We compare the definition of virtue in philosophy with the definition and operationalization of virtue in psychology. We articulate characteristics that virtue is presented as possessing in the perennial western philosophical tradition. Virtues are typically understood as (a) dispositional (b) deep-seated (c) habits (d) that contribute to flourishing and (e) that produce activities with the following three features: they are (f) done well, (g) not done poorly, and (h) in accordance with the right motivation and reason. We form a definition (...) from these characteristics and defend our exclusion of some other characteristics from the definition. Using our definition as a rubric, we evaluate conceptions of virtue in psychology, showing how many fall short at operationalizing at least one component of the philosophical notion of virtue. (shrink)
Thomas Aquinas produced a voluminous body of work on moral theory, and much of that work is on virtue, particularly the status and value of the virtues as principles of virtuous acts, and the way in which a moral life can be organized around them schematically. Thomas Osborne presents Aquinas's account of virtue in its historical, philosophical and theological contexts, to show the reader what Aquinas himself wished to teach about virtue. His discussion makes the complexities of Aquinas's moral thought (...) accessible to readers despite the differences between Thomas's texts themselves, and the distance between our background assumptions and his. The book will be valuable for scholars and students in ethics, medieval philosophy, and theology. (shrink)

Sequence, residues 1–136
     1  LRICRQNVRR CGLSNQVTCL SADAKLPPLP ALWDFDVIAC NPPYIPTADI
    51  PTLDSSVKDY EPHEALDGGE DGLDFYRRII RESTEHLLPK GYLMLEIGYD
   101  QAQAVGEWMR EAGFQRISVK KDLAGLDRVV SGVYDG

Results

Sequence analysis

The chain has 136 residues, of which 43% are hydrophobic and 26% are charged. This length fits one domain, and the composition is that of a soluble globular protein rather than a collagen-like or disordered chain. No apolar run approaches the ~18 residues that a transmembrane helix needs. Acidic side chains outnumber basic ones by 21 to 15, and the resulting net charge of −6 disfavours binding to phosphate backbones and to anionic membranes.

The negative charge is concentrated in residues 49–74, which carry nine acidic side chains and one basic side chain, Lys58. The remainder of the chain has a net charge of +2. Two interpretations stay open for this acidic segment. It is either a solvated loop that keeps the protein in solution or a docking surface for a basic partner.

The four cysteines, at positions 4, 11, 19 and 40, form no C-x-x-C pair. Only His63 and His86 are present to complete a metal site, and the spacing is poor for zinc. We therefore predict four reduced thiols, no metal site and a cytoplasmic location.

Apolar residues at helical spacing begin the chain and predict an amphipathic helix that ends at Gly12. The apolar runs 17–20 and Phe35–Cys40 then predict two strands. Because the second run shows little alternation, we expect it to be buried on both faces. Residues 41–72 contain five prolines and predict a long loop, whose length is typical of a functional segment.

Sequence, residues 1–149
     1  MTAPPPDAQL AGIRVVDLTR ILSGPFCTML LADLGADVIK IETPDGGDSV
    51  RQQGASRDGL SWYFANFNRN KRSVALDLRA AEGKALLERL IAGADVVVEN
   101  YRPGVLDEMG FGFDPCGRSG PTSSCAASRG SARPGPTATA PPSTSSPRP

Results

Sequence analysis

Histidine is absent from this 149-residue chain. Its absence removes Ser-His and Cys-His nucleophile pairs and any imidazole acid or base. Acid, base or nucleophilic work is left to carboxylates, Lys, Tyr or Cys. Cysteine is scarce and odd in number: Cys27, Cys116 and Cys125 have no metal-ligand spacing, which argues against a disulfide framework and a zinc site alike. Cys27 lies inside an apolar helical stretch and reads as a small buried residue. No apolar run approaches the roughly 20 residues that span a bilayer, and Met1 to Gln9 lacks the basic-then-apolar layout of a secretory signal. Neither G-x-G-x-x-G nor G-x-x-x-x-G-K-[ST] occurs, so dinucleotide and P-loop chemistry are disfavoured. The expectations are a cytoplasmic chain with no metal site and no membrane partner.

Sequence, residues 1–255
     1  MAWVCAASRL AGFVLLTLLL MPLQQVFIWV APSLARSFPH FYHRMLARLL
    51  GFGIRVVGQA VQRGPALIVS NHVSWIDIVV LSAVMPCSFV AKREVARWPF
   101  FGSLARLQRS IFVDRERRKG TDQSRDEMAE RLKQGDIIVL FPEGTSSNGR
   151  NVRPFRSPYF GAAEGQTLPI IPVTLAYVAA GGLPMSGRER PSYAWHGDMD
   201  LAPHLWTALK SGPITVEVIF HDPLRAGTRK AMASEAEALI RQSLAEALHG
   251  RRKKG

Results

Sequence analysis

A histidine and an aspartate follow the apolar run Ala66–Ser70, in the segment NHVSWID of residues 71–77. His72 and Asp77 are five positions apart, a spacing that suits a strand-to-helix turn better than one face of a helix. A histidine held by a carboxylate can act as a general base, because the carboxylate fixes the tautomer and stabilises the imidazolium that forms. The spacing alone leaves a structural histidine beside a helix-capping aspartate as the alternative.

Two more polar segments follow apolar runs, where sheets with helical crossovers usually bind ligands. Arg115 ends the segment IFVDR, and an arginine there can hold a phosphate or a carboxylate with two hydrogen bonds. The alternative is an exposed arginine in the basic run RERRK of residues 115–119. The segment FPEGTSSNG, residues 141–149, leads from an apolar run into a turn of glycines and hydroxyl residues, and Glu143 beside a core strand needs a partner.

A trait that is often associated with a good person is caring about the truth. Thomas Aquinas, following Aristotle, describes a virtue that concerns truths (truthfulness). However, he limits the virtue to being truthful about who one is and what one's achievements are. This restriction seems almost arbitrary and exceedingly narrow. In this paper, I explore the motivation for Aquinas's restricted account and argue that his view is motivated by broader virtue theoretical commitments and that his approach to the role (...) of truth for being a good person is distinct and worthwhile. (shrink)
In this review of Dominik Perler’s book Eine Person sein, Perler’s reconstruction of the relationship between Thomas Aquinas’s unitarist position and his theory of incontinence is analyzed. Perler argues that the unitarist position of Thomas allowes him to conceive of incontinence as a weakness of the whole psychological system of the person. Unlike the mad person, the incontinent has responsibility because she has preserved a degree of rational control. Perler argues that the incontinent person is not responsible for the spontaneous (...) emergence of desire, which is a natural process, only for the way in which she rationally controls it (or not). By analyzing Aquinas’s notion of naturality with respect to desires, I argue that the person is actually responsible for the emergence of a desire, just in case the content of the desire is constituted by a rational choice of end. (shrink)